Removing a Dam to Restore the River

It’s the Year of the River, and talk of dam removal is happening in every region of the country.

My opinion piece about restoring the Savannah River, a shared treasure of South Carolina and Georgia – by removing the New Savannah Bluff Lock and Dam, was recently published in the Augusta Chronicle.

It sparked a lively debate, and I’d like to set the record straight on several counts.

American Rivers doesn’t support the dredging project in Savannah Harbor because digging up the river bottom to make it deeper for shipping traffic destroys river habitat and damages water quality. However, if the project does more forward, it is imperative that the Army Corps helps mitigate the damage it causes to the river’s health and imperiled sturgeon.

The best way to do that is to remove the dam, which would open up new upstream spawning and nursery habitat for sturgeon to give this endangered fish a fighting chance at survival. Dam removal would also create new opportunities for recreation and riverside parks and trails in Augusta.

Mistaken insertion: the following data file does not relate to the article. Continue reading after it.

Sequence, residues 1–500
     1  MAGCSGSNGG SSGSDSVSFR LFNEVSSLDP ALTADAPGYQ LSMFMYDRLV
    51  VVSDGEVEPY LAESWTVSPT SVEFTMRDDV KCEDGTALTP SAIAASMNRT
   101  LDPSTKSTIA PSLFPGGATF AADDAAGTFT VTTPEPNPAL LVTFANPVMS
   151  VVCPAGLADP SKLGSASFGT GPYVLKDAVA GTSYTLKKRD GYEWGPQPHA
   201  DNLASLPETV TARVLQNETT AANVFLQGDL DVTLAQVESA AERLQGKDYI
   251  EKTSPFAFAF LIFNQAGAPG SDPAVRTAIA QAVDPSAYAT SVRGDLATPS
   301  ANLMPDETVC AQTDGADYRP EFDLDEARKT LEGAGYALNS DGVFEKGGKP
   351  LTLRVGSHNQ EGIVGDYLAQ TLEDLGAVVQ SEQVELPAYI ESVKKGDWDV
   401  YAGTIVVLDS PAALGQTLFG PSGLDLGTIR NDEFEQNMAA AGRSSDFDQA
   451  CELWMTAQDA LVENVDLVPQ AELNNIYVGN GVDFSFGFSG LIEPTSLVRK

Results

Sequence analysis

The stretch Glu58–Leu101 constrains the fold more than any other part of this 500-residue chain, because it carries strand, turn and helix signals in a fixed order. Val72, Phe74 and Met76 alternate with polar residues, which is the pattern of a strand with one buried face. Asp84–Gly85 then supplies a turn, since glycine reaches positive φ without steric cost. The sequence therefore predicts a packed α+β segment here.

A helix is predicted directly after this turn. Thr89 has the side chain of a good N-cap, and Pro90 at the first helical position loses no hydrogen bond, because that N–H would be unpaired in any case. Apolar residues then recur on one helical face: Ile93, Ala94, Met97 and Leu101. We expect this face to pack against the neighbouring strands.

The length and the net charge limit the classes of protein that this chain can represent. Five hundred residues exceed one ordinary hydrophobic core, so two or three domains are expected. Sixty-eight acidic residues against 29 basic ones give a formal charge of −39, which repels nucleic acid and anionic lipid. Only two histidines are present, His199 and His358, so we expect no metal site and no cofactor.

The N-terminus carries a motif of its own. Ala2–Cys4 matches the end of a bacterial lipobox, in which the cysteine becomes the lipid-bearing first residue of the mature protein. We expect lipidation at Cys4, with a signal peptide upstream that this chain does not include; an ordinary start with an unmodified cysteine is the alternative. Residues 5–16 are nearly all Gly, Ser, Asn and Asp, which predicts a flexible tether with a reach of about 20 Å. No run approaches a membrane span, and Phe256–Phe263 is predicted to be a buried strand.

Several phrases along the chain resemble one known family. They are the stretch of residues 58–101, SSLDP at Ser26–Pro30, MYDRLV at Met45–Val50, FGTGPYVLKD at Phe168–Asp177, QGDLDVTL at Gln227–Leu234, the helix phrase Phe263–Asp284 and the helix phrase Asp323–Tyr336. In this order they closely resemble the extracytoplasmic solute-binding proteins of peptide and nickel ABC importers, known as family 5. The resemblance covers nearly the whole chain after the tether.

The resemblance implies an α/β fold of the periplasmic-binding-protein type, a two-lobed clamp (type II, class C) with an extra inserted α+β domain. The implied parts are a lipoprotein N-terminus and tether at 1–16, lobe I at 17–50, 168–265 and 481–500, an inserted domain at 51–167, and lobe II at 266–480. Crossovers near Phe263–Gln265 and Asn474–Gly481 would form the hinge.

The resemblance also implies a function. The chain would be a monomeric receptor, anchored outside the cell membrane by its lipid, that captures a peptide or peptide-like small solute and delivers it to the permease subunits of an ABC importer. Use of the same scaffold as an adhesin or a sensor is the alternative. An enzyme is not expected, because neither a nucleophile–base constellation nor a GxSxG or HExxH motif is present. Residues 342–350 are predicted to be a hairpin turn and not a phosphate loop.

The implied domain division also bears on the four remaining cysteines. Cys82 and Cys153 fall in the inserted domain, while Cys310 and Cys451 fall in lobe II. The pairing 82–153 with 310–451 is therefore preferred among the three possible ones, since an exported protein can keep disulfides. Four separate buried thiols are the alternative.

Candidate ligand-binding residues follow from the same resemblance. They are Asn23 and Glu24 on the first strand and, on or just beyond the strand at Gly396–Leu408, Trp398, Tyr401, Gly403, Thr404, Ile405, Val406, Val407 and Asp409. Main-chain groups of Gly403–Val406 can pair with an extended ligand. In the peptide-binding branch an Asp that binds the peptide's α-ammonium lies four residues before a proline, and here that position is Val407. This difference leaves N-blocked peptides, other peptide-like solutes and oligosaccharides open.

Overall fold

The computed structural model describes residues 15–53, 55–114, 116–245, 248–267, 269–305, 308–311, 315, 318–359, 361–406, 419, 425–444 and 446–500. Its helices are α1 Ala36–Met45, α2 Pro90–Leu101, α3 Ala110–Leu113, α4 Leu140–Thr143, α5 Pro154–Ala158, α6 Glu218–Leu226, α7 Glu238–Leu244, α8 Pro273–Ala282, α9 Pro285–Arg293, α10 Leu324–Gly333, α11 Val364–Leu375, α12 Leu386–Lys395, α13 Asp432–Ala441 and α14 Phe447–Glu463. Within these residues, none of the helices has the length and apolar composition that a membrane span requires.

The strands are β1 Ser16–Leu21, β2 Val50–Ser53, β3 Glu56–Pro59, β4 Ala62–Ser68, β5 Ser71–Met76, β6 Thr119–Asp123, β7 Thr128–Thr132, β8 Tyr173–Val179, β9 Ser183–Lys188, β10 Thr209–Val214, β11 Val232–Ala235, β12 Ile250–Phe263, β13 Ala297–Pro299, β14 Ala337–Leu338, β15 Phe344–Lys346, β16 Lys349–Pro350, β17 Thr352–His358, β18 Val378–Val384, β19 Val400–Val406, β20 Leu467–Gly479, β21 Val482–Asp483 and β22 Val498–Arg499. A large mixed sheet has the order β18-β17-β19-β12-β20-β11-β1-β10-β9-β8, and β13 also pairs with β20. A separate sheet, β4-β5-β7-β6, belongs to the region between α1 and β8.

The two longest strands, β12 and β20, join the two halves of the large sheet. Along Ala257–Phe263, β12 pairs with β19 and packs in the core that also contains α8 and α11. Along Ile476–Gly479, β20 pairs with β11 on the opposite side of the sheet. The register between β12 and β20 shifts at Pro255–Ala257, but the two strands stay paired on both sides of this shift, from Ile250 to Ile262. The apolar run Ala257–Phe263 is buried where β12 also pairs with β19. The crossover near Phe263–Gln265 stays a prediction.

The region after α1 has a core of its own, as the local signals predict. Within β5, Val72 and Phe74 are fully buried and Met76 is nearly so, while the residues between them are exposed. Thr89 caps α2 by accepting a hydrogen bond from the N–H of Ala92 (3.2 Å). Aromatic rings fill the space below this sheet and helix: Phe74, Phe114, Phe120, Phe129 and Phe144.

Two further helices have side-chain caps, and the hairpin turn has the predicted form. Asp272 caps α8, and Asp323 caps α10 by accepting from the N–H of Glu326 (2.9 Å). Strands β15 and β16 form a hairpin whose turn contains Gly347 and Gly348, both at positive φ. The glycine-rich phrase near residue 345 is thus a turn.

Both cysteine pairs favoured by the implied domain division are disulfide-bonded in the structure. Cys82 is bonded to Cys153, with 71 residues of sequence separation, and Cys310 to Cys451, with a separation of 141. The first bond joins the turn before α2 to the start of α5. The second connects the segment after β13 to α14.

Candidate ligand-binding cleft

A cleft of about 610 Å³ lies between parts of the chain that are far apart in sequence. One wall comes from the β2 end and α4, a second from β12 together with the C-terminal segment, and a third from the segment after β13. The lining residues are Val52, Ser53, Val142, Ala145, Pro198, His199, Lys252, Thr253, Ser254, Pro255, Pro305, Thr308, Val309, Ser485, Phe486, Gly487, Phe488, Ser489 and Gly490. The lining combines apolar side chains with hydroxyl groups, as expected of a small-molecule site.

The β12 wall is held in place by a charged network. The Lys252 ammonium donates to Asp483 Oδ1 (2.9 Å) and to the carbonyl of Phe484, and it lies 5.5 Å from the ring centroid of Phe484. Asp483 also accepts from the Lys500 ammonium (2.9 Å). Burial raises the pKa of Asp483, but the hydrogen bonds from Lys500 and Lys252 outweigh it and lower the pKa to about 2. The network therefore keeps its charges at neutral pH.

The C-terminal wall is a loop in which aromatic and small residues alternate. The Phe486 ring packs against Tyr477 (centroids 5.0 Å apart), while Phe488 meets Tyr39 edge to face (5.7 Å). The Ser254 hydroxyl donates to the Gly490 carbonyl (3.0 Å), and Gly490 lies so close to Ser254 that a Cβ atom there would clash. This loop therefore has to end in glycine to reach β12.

American Rivers has helped hundreds of communities around the country restore their rivers through dam removal and we work with communities to help them make the decision that is right for them. We work with landowners, fishermen, businesses and others to talk about the change that removing a dam brings, and how the river and community can benefit.

Ultimately, dams, levees and other man-made structures disrupt the natural functions of rivers, leaving many of them lifeless or cut off from their communities.

Restoring the river can increase property values, boost recreational opportunities, attract tourists, reduce water pollution, and protect people and property from flooding. So in the long term, our goal is to champion sustainable approaches to river management that restore natural river functions, floodplains and wetlands.